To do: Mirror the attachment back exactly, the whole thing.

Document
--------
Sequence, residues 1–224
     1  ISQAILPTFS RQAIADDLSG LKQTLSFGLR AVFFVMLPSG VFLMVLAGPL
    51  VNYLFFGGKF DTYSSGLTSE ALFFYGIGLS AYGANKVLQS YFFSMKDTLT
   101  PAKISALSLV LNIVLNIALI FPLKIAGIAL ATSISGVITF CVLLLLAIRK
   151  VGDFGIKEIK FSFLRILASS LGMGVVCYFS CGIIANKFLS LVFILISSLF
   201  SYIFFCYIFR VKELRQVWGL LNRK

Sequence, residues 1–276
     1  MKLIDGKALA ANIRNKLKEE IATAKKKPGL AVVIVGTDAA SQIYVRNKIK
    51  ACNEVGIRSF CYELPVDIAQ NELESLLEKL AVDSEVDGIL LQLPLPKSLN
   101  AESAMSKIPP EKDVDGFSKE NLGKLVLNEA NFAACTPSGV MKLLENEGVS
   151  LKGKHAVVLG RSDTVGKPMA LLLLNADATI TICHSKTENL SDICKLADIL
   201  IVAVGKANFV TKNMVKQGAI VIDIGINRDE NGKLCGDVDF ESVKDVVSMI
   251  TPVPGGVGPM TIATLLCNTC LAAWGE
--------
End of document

Sequence, residues 1–224
     1  ISQAILPTFS RQAIADDLSG LKQTLSFGLR AVFFVMLPSG VFLMVLAGPL
    51  VNYLFFGGKF DTYSSGLTSE ALFFYGIGLS AYGANKVLQS YFFSMKDTLT
   101  PAKISALSLV LNIVLNIALI FPLKIAGIAL ATSISGVITF CVLLLLAIRK
   151  VGDFGIKEIK FSFLRILASS LGMGVVCYFS CGIIANKFLS LVFILISSLF
   201  SYIFFCYIFR VKELRQVWGL LNRK

Sequence, residues 1–276
     1  MKLIDGKALA ANIRNKLKEE IATAKKKPGL AVVIVGTDAA SQIYVRNKIK
    51  ACNEVGIRSF CYELPVDIAQ NELESLLEKL AVDSEVDGIL LQLPLPKSLN
   101  AESAMSKIPP EKDVDGFSKE NLGKLVLNEA NFAACTPSGV MKLLENEGVS
   151  LKGKHAVVLG RSDTVGKPMA LLLLNADATI TICHSKTENL SDICKLADIL
   201  IVAVGKANFV TKNMVKQGAI VIDIGINRDE NGKLCGDVDF ESVKDVVSMI
   251  TPVPGGVGPM TIATLLCNTC LAAWGE